James Madison's four accounts of the problem of faction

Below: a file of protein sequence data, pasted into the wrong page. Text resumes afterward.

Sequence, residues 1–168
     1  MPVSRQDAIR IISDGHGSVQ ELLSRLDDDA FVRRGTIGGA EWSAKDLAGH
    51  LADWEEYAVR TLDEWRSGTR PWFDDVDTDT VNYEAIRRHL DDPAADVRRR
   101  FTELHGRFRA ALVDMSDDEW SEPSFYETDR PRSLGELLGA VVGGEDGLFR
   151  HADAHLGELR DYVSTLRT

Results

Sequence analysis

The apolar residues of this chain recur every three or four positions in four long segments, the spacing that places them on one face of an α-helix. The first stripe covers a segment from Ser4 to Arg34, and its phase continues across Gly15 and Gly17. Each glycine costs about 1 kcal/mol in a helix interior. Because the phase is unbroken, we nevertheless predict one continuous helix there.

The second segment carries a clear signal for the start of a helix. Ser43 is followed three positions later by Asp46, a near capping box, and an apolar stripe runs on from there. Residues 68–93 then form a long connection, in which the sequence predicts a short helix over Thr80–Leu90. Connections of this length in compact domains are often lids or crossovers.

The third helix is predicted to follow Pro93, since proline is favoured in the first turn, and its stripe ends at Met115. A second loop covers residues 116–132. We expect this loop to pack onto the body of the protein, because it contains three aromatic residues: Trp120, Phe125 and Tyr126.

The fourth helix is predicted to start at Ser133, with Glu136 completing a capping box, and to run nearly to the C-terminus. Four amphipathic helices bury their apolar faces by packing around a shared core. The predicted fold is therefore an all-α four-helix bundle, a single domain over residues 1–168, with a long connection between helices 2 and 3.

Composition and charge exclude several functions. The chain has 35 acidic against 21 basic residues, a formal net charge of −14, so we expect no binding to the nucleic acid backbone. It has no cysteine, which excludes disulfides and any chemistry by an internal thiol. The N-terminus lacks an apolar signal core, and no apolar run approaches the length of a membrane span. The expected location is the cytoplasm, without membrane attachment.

James Madison wrote four accounts of faction, the most public and famous of which was Federalist 10. By examining all four accounts, I undertake to develop a more capacious understanding of the design and purpose of Madison’s vision for American constitutional politics than can be extracted from an examination of Federalist 10 alone. I attempt to collate the unique insights of each account of faction into a coherent unity, with special attention to Madison’s rhetoric. I conclude that the three least famous accounts of faction, correctly read, perfect and extend the account in Federalist 10 by offering a more candid window into Madison’s thought on human beings and the political life for which he thought them fit.